Dogpatch House is Expensive

If you don’t read local blogs (besides this one), it might be news to you that the 1940 census is available for your casual perusal. Simultaneously, contemporary information is available about a local address, 1067 Tennessee, which is not where I live*, but is pretty close. I could post about the Boassas, who lived in my apartment in 1940 and seemingly owned my building, but why would I want to write about a retired man working as a night watchman, when I could write about a mansion?

I'm not jealous of your deserved success.

Let’s calculate Compound Annual Growth Rate (from 1940) for your convenience:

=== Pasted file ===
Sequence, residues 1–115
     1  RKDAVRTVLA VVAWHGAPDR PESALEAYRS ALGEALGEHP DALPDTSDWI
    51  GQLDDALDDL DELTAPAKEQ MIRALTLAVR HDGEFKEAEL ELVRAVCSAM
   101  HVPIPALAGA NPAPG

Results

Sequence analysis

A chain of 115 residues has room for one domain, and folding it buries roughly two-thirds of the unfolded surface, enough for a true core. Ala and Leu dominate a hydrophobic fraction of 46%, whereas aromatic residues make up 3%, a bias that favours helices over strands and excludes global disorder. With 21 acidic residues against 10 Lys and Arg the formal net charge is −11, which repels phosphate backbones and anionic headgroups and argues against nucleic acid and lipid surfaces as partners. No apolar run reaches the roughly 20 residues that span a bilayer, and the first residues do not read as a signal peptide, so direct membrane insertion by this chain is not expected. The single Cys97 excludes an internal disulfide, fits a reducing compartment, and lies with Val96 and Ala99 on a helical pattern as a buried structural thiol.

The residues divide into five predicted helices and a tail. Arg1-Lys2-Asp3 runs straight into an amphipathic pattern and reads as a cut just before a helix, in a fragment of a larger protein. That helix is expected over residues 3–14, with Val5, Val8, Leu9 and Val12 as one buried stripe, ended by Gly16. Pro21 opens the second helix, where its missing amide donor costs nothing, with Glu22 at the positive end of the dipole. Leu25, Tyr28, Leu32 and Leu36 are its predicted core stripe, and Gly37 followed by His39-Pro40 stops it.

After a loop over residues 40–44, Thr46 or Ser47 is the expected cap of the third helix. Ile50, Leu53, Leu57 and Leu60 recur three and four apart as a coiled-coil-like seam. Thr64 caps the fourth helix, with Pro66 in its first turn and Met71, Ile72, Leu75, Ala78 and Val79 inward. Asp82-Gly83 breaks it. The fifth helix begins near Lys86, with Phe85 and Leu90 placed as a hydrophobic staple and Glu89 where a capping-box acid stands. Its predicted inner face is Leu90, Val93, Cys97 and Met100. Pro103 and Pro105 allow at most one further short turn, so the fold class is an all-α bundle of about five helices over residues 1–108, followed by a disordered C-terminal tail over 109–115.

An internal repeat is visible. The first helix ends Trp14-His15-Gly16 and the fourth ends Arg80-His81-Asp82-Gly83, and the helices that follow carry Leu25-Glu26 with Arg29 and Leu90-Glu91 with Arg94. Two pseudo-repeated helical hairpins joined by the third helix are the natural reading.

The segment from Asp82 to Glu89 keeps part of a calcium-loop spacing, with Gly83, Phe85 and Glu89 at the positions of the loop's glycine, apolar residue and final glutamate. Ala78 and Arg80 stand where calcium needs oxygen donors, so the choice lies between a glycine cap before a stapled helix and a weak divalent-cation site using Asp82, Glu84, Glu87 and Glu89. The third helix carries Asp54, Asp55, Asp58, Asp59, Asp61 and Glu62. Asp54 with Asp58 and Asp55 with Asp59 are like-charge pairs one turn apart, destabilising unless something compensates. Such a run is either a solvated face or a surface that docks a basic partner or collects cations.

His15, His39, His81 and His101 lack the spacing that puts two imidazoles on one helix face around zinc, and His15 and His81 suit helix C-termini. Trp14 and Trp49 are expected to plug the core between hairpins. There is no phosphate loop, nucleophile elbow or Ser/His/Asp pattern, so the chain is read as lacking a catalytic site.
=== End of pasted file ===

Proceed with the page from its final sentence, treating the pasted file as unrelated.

01/01/40 $2,500
05/23/70 $22,500 900.00% over 30 years is 8% yearly interest.
04/08/08 $615,000 2733.33% over the next 38 years is 9% yearly interest.
03/29/12 $2,100,000 341.46% over the last 4 years is 36% yearly interest!

According to a government calculator:
$2,500 in 1940 could buy $6,929 in 1970.
$6,929 in 1970 could buy $386,375 in 2008.
$2,100,000 in 2010 could buy $136,589 in 1940. $136,589 would buy you 54 houses in 1940 (or 54 houses in 2012 Detroit. Ok, let’s be honest, you could buy 54 Detroits in their entirety, ha ha)

That part of my life where I imagine myself working until the day I die and never owning anything? That’s not a dream, that’s my life, and welcome to it.

$2.1 Million. Ok, 2,495 sq ft? That’s a palace! MILLION.

* if you don’t know exactly where I live, you aren’t trying hard enough.

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